Tuesday, June 10, 2008

Maximum and Minimum Apertures

The specifications for a given lens typically include the minimum and maximum apertures. These refer to the maximum and minimum f-numbers the lens can be set at to achieve, respectively.

A typical lens will have an f-number range from f/16 (small aperture) to f/2 (large aperture) (these values vary). The maximum aperture (minimum f-number) tends to be of most interest (and is always included when describing a lens).

This value is also known as the lens speed, because it is proportional to the square of accepted light, and thus inversely proportional to the square of required exposure time (i.e. using a lens with f/2, one can take pictures at one quarter of the exposure time necessary using a f/4 lens).

Professional lenses for 35mm cameras can have f-numbers as low as f/1.0, while professional lenses for some movie cameras can have f-numbers as low as f/0.75 (very large relative aperture). These are known as "fast" lenses because they allow much more light to reach the film and therefore reduce the required exposure time. Stanley Kubrick's film Barry Lyndon is notable for having scenes shot with the largest relative aperture in film history: f/0.7.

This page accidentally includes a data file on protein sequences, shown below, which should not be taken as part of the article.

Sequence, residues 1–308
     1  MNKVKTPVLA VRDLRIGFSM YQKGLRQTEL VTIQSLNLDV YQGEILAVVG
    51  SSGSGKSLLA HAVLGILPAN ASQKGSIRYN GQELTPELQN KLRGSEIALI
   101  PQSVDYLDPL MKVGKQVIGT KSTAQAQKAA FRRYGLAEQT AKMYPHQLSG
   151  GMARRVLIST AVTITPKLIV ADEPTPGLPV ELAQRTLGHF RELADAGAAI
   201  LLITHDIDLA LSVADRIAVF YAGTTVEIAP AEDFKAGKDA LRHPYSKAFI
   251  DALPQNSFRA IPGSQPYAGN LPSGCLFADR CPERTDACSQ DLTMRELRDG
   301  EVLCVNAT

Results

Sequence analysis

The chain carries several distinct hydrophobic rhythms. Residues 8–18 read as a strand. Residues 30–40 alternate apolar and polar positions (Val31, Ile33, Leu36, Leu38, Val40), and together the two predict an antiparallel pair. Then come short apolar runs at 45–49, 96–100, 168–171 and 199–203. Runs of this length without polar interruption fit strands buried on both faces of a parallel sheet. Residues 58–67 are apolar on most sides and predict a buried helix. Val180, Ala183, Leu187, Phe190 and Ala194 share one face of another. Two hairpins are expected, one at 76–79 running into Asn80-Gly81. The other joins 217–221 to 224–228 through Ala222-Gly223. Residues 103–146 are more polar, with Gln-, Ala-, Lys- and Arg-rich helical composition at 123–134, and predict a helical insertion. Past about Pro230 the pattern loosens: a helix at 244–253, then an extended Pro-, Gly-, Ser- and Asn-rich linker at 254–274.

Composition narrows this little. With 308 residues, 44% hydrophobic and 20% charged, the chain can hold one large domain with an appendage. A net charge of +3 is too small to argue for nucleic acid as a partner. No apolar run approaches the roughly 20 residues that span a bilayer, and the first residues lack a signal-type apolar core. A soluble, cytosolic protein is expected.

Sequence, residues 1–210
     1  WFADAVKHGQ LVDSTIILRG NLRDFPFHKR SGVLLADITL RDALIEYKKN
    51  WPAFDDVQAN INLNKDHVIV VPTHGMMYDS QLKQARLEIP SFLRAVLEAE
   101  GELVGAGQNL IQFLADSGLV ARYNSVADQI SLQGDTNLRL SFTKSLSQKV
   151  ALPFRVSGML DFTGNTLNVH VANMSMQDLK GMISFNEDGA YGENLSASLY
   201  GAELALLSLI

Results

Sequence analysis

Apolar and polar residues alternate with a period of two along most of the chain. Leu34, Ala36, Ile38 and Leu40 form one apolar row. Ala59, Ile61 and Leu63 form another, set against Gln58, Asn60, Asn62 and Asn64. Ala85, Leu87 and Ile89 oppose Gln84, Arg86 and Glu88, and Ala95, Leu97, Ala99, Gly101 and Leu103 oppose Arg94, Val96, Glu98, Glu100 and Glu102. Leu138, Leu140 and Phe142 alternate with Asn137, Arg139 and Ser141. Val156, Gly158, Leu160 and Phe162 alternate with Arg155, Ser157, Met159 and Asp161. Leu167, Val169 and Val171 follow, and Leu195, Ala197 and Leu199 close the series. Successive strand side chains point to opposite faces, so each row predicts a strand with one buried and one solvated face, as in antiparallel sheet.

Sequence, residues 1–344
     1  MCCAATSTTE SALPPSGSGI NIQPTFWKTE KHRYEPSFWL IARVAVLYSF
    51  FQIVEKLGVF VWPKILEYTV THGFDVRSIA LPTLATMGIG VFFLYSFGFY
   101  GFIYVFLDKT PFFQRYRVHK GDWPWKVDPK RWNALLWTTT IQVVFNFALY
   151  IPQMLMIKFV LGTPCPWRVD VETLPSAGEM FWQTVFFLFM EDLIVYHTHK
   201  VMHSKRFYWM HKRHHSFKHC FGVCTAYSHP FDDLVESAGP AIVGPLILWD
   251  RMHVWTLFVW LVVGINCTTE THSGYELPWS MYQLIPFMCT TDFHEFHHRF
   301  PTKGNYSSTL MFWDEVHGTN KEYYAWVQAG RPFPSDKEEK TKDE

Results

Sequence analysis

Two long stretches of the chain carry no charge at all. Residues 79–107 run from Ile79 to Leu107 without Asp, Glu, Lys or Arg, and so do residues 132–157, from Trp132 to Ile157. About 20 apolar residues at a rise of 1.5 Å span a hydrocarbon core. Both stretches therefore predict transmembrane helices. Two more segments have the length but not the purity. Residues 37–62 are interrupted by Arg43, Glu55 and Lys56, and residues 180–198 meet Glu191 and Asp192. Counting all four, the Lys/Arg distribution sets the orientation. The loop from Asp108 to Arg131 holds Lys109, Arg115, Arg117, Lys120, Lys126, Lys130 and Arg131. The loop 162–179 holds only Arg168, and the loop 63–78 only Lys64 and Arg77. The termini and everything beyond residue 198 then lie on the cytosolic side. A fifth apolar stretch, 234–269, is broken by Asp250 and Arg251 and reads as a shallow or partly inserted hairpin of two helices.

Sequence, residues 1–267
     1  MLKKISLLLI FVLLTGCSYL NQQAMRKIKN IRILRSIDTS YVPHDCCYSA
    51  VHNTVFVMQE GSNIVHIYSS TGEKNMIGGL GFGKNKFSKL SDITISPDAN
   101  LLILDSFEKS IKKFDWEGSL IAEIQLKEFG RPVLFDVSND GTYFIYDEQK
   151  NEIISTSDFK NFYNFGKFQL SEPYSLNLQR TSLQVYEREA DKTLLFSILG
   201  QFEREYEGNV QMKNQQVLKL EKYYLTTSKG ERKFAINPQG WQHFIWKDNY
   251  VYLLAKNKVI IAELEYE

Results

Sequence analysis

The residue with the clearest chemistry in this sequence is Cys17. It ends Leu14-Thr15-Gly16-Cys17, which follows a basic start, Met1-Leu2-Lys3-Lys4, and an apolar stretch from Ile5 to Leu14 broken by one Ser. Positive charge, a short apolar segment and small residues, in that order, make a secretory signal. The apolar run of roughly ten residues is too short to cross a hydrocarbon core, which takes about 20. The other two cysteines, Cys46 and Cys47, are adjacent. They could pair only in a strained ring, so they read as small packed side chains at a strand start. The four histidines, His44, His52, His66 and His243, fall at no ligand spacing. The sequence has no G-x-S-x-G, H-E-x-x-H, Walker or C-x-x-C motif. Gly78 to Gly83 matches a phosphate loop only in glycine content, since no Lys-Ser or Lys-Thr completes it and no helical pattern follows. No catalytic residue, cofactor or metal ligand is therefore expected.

Prime lenses have a fixed focal length (FFL) and large aperture and are favored by professionals, especially by photojournalists who often work in dim light, have no opportunity to introduce supplementary lighting, and need to capture fast breaking events.

Zoom lenses typically have a maximum aperture (minimum f-number) of f/2.8 to f/6.3 through their range. A very fast zoom lens will be constant f/2.8 or f/2, which means the relative aperture will stay the same throughout the zoom range. A more typical consumer zoom will have a variable relative aperture, since it is harder and more expensive to keep the effective aperture proportional to focal length at long focal lengths; f/3.5 to f/5.6 is an example of a common variable aperture range in a consumer zoom lens.

f/32 - narrow aperture and slow shutter speed

f/5 - wide aperture and fast shutter speed

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